SAN FRANCISCO (KPIX 5) — Dual events happening simultaneously at two of San Francisco’s biggest venues were giving rise to traffic concerns Tuesday evening.

It’s not just an event in the new Chase Center, but a Dave Matthews Band concert down the street from a San Francisco Giants game. Is this the combination that will result in traffic gridlock from China Basin to the Bayview?

“Yes it will,” predicted James McConnell, having just arrived by Muni to Oracle Park. “Because, as I’ve said before many times, people will not give up their cars to come to these events when we have public transportation.”

The fresh traffic concerns along 3rd Street come even though Chase Center’s first concert, Metallica last week, wasn’t exactly heavy on traffic complaints.

Some heading to Chase Center for the 8 p.m. concert drew from their experience getting to the first Metallica concert via the T Line.

“It went great, it takes is a little longer to wind through the new Dogpatch area, so we just got off here at the ballpark and we’re just going to walk down,” said Mike Olcese of San Francisco.

Ahead of the events, both venues urged music and sports fans to take public transportation. Special bus lines 78x and 79x started two and a half hours before showtime. Every concert ticket at Chase Center doubles as a free Muni ticket.

“We got off at 16th and Mission BART and we walked right up and we had several people out there wearing orange vests and pointed us right to the bus that had pulled up and we got right on it, it was super easy,” said Kimberly Nieves of Hayward.

Khalil Habeeb also took advantage of the free bus service to Chase Center.

“We actually live in Marin, and so we parked at Market and Van Ness and took the bus, rather than try to deal with this,” he said.

In order to provide extra buses, District 10 Supervisor Shamaan Walton said he learned that SFMTA reduced bus service in his district, which includes parts of SoMa and Visitacion Valley.

“That’s extremely unacceptable, and it goes to show you that low-income communities are treated as second-class citizens when they prioritize people with means,” Walton said in a phone interview with KPIX 5.

In a statement to KPIX 5, SFMTA said:

“As a result of our ongoing Operator shortage, we are having to pull operators from lines throughout the system to provide the supplemental Chase Center event service. While we never want to miss service anywhere, providing strong transit options to the Chase Center is critical to getting people on transit and reducing auto congestion. Without the transit service to Chase, we would have seen high auto use and ripple effects on transit reliability throughout the eastern part of the City, especially on routes like the 8 Bayshore, which use the freeways.”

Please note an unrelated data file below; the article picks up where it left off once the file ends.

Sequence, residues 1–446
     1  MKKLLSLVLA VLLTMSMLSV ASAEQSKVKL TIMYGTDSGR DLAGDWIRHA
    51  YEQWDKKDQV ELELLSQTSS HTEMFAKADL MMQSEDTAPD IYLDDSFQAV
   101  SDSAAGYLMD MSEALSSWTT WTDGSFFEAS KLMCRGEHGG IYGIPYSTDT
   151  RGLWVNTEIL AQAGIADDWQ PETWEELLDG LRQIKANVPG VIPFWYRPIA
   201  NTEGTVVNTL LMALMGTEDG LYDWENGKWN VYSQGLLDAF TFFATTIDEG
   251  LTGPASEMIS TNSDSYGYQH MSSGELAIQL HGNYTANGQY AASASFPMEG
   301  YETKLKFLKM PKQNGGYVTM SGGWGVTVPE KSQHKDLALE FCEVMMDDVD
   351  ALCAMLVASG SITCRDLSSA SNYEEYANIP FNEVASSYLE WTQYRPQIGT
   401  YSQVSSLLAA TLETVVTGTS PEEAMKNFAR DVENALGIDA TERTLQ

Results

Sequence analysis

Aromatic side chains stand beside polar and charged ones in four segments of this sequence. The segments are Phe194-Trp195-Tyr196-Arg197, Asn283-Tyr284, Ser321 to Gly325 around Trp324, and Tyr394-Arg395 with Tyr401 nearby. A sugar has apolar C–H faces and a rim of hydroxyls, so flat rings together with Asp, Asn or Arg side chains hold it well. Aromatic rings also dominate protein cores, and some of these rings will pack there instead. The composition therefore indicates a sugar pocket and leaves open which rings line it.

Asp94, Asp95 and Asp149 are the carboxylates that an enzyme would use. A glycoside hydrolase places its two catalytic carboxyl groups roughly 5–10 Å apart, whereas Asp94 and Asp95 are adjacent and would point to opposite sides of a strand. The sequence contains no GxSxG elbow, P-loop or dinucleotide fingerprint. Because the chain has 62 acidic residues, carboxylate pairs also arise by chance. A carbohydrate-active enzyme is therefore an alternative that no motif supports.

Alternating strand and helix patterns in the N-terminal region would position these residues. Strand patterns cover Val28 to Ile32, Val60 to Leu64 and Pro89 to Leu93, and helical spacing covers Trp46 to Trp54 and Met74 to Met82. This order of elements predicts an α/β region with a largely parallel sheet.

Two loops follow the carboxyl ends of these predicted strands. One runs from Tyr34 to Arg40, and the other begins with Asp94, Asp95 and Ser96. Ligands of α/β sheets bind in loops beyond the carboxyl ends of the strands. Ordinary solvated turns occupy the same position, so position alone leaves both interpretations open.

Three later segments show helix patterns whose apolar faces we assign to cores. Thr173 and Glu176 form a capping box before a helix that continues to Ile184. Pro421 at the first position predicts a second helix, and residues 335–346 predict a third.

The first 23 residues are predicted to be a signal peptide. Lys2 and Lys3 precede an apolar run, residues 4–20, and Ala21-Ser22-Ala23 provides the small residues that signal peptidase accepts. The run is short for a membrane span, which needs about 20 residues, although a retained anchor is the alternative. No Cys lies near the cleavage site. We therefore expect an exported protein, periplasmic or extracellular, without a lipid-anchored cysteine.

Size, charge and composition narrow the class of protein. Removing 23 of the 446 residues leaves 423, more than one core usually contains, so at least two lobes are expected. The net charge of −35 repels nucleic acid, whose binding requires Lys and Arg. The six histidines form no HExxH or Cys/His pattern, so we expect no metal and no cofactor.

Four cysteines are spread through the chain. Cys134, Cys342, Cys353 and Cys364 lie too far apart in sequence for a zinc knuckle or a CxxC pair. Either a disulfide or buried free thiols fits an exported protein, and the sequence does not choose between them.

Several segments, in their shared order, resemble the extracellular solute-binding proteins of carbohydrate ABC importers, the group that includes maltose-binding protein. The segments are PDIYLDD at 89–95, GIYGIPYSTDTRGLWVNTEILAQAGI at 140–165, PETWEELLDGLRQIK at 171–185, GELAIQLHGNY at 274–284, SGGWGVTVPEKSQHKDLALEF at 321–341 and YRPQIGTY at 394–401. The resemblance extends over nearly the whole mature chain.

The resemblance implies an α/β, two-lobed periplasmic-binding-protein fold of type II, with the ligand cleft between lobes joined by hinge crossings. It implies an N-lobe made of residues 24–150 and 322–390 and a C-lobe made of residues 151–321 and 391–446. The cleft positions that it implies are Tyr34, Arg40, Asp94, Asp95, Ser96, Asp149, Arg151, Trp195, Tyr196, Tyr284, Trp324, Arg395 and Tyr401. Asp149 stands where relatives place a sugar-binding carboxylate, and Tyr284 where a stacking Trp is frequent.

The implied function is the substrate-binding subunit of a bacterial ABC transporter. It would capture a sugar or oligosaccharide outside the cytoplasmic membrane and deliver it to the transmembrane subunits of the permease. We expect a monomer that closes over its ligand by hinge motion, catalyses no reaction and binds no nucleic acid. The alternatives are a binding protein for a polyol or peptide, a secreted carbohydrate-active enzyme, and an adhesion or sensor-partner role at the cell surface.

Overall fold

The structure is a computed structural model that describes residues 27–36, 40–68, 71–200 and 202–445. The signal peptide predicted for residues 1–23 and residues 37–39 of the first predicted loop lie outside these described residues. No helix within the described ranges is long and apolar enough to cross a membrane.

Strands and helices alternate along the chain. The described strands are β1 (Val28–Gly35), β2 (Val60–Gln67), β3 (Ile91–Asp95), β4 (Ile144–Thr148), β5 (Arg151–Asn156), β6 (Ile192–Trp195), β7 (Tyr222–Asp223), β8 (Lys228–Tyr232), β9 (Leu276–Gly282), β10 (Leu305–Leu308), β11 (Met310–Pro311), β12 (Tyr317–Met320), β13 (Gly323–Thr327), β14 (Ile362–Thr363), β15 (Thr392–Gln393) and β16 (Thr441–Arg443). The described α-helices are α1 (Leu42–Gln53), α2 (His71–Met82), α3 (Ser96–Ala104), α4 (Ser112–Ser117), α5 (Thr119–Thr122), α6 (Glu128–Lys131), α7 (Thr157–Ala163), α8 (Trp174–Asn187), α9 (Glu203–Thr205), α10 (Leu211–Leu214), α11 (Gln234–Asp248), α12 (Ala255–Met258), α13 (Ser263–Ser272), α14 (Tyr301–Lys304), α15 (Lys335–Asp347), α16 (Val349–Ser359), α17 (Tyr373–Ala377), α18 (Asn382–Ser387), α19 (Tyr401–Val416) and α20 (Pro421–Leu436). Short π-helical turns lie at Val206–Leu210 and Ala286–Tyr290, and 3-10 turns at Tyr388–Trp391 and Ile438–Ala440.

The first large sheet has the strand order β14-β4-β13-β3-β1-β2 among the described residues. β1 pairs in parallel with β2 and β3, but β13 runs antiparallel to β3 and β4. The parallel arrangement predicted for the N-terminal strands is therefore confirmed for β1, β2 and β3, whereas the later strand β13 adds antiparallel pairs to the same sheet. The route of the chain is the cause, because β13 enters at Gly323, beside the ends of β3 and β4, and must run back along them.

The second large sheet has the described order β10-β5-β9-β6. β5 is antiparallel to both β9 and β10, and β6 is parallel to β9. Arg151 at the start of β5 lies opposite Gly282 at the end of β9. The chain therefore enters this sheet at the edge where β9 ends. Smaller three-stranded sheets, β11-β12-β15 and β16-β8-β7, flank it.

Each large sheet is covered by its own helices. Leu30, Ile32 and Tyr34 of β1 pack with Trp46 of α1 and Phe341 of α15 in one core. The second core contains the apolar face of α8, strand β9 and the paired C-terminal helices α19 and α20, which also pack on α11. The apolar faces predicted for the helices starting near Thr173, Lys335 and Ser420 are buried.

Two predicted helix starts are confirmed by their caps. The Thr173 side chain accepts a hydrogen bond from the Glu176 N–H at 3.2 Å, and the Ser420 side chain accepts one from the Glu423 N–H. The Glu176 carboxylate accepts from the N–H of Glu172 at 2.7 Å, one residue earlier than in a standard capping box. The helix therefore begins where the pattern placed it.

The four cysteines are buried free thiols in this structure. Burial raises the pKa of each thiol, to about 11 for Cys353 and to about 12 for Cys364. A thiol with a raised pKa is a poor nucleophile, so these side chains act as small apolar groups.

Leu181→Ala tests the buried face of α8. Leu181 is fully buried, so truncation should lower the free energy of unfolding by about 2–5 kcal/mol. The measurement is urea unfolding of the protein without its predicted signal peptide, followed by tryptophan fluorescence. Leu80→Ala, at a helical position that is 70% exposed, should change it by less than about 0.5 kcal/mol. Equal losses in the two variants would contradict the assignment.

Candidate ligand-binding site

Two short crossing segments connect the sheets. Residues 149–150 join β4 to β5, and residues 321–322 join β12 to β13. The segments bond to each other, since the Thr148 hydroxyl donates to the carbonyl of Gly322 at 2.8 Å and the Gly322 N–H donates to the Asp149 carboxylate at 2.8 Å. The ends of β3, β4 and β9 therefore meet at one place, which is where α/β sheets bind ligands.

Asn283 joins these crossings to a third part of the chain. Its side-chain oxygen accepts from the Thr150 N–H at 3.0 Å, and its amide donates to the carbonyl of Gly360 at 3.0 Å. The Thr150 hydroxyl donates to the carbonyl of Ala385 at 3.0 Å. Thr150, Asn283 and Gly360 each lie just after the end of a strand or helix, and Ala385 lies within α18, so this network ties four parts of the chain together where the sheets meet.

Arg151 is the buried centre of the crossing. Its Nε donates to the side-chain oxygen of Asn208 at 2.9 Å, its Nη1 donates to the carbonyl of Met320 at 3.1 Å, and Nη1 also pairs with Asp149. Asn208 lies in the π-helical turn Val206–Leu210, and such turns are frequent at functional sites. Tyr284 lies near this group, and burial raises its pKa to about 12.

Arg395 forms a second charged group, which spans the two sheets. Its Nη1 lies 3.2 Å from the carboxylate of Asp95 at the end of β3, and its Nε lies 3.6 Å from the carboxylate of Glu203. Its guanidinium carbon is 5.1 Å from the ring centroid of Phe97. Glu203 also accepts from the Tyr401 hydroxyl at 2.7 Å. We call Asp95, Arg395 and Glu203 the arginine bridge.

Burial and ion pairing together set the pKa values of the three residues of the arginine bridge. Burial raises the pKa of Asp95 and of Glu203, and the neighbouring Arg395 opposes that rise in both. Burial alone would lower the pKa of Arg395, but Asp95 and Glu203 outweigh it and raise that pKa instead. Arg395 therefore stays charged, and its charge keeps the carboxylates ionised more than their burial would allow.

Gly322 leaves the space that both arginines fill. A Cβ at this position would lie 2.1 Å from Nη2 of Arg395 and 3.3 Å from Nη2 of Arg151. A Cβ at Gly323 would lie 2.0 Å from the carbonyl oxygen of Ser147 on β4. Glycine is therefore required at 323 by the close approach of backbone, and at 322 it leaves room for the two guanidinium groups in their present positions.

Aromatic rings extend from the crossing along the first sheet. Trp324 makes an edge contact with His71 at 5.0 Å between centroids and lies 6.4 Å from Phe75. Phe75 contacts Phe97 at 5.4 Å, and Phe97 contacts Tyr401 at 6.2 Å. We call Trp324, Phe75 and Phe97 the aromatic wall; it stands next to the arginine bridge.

SFMTA says typically, it expects only one additional missed run on an event day, rather than the three it projected Tuesday for the 8 Bayshore.

It added that it is graduating a class of 41 new operators on Friday. This is on top of the 160 new operators SFMTA has graduated so far this year.

The use of both ballpark and arena was one of the chief concerns back when this location was announced.

“When you could have people coming in for a Giants game, people coming in for a Taylor Swift, Madonna concert,” said one arena opponent in 2015. Swap Madonna for Dave Matthews and here is that same eventuality in 2019.

Worth noting, however, is that San Francisco is a bit removed from the height of Giants demand. Just last night, the team played to its smallest home crowd since 2010, just under 27,000 people in a building that holds 42,000.

“Yeah, you don’t have as many attendees, so you got a good point there,” says McConnell. “But, what’s gonna happen when we have the Giants at full force and Chase Center at full force?”

That scenario might not even require the Giants. Oracle Park just announced a Green Day-headlined concert for July. That could conceivably overlap with another event at Chase. July might also bring something else to San Francisco.

“Transit projects being late? I don’t know how you could suggest that,” joked Rick Welts last week, taking a jab at the delayed Central Subway project. When complete, it will make for a more direct route to Chase from downtown.

That still won’t change the most fundamental part of the equation on 3rd Street. “Stay out of this area with your car,” said neighbor Terry Owen. “That’s my advice. Don’t try to drive around here.”

KPIX 5’s Wilson Walker and Betty Yu contributed to this report.